On the topic of tutorial information, if this is your first foray into the Rock of Ages series, expect to be thrown in the deep end when it comes time to delve into the gameplay. The lack of tutorialisation is somewhat astounding, particularly when it comes to the campaign levels where you’re expected to set up defenses in order to protect your base from an onslaught of attacking boulders. However this lack of tutorialisation isn’t a deal breaker, merely a small hurdle for a select few game modes that will be prudently overcome – after all, how hard is it to figure out how to roll a boulder down a hill?

My final issue with Rock of Ages III: Make & Break is perhaps the least damning, but the most poignant for me personally. I don’t like to be so reductionist with my criticism, but this simply feels like just another Rock of Ages game with a level-editor tacked on. There’s nothing here that truly elevates the series above previous strides made in earlier iterations, and if you’ve played through the first two games, there’s not going to be anything here that blows your socks off. As with any community-driven game, the real fun will be experiencing all the wacky user made levels and ideas that people come up with – but with such rudimentary gameplay it’s hard for me to imagine anything being created that is truly outrageous. With that being said, if you enjoyed the previous two games you’ll undoubtedly enjoy this one too, as the formula has been replicated with precision to deliver the same gameplay and storytelling experience you’ve come to expect from the Rock of Ages franchise.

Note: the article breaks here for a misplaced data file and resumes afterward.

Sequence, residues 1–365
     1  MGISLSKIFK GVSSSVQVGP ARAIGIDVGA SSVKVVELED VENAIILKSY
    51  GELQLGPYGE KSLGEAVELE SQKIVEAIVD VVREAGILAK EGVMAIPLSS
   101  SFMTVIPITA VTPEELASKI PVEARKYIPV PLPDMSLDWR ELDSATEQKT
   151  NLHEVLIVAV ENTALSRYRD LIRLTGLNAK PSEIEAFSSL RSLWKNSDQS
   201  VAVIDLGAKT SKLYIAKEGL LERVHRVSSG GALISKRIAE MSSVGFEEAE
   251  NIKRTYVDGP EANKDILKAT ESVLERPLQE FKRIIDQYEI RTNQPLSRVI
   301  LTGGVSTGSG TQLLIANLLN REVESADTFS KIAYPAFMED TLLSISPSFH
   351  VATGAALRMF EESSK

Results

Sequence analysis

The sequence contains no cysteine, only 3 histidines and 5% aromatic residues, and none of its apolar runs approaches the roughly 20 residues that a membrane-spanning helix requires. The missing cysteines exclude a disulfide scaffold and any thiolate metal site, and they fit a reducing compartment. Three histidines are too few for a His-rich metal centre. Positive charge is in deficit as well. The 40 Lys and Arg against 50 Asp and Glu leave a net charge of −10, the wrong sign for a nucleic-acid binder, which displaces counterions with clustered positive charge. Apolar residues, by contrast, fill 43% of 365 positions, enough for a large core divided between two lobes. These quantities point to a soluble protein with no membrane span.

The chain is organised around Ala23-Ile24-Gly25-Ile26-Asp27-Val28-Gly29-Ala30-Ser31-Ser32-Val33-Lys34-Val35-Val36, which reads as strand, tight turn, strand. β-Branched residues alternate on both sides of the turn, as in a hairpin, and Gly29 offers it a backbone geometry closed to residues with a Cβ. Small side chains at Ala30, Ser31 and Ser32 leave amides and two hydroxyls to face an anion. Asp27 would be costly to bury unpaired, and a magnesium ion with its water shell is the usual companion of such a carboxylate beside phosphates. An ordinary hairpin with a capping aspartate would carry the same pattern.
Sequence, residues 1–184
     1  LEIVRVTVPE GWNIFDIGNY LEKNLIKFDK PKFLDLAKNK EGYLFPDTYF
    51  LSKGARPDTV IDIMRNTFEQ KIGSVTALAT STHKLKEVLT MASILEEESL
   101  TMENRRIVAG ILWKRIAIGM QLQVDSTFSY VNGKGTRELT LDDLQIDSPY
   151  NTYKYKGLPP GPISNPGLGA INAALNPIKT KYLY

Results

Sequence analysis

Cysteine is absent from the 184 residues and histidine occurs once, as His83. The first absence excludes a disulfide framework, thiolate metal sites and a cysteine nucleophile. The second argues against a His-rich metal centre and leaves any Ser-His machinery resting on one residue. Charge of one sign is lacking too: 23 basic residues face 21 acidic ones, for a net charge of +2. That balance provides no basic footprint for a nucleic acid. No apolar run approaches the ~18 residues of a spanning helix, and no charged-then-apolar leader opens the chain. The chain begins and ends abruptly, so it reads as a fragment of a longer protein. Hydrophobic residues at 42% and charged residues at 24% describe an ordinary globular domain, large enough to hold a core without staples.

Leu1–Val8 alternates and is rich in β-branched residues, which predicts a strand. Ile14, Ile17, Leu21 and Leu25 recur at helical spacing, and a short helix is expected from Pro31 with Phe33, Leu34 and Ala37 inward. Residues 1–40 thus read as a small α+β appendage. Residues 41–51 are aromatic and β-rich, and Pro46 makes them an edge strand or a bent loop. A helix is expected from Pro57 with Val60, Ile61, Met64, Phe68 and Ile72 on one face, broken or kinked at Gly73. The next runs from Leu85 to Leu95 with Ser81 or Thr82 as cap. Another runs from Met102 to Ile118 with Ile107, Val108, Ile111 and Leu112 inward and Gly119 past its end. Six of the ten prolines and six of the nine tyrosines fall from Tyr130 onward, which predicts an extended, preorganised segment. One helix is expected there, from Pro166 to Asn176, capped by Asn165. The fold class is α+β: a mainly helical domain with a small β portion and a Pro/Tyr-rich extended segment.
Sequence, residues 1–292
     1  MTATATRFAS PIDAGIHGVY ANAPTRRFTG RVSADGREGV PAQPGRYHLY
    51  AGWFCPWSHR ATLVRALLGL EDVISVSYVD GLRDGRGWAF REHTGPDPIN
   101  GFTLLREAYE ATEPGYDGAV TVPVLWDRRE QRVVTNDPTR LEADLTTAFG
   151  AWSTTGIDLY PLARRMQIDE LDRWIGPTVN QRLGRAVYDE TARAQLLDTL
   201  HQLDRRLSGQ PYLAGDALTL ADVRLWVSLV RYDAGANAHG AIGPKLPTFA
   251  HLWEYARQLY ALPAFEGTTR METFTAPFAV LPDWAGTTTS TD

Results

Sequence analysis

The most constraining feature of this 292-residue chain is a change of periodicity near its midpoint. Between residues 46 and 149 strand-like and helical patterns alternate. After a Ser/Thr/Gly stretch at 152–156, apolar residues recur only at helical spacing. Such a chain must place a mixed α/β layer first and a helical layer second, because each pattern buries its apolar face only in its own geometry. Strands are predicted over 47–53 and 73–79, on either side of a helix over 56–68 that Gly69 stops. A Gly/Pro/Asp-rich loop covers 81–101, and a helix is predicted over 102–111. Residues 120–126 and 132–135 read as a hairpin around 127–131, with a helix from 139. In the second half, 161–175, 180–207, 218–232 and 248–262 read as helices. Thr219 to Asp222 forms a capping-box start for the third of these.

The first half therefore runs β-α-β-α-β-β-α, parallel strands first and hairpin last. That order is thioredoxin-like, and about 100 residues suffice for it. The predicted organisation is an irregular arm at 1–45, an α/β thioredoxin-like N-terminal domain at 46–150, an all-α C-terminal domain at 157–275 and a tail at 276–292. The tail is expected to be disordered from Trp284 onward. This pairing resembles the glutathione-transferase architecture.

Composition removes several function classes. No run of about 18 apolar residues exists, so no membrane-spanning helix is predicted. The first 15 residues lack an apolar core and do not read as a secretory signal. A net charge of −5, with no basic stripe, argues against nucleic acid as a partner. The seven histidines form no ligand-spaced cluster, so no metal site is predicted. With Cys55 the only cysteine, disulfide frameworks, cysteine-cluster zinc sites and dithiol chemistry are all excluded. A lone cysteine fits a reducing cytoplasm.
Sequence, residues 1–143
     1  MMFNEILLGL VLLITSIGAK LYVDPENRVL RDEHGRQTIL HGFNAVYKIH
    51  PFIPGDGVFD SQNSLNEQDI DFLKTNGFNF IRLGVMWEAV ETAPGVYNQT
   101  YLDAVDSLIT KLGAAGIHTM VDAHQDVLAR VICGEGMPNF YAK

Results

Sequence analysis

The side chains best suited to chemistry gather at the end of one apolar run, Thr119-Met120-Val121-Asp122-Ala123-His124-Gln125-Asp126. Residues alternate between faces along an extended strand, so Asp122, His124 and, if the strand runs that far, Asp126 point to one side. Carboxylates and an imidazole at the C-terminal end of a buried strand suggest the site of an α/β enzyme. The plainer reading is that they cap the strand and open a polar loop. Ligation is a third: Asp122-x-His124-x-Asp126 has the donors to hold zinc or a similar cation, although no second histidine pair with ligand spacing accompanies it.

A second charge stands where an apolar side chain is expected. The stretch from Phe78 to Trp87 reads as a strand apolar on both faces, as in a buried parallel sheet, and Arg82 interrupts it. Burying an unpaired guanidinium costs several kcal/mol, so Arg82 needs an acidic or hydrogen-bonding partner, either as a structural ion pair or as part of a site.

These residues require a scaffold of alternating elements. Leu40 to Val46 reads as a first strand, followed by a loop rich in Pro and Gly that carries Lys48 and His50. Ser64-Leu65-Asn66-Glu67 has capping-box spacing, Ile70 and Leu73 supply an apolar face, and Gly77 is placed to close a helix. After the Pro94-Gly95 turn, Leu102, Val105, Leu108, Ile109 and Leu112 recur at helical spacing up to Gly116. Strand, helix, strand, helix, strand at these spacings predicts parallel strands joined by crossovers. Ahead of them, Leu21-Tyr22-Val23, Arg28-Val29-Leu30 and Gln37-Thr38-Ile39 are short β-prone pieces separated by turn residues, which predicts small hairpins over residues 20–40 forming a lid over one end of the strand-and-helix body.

Final Thoughts?

Rock of Ages III: Make & Break is another solid entry in the Rock of Ages franchise that doesn’t stray far from the well-worn path. The focus on additional creator features and online modes will be a boon for the creative types that want to pit their friends against some ingenious grand ideas for trap-filled courses. And for those of us that simply enjoying rolling and smashing, the core Rock of Ages gameplay remains intact and is as satisfying as ever – despite being somewhat buggy on the Switch version. However, if you’ve played the first two Rock of Ages games and were hoping for something a little more tantalising to bring you back to the series, Rock of Ages III: Make & Break just doesn’t have that wow factor to make it an essential purchase. With that being said, I still recommend that newcomers to the series check this one out, as the absurd humour and unique aesthetic is worth the cost of admission alone.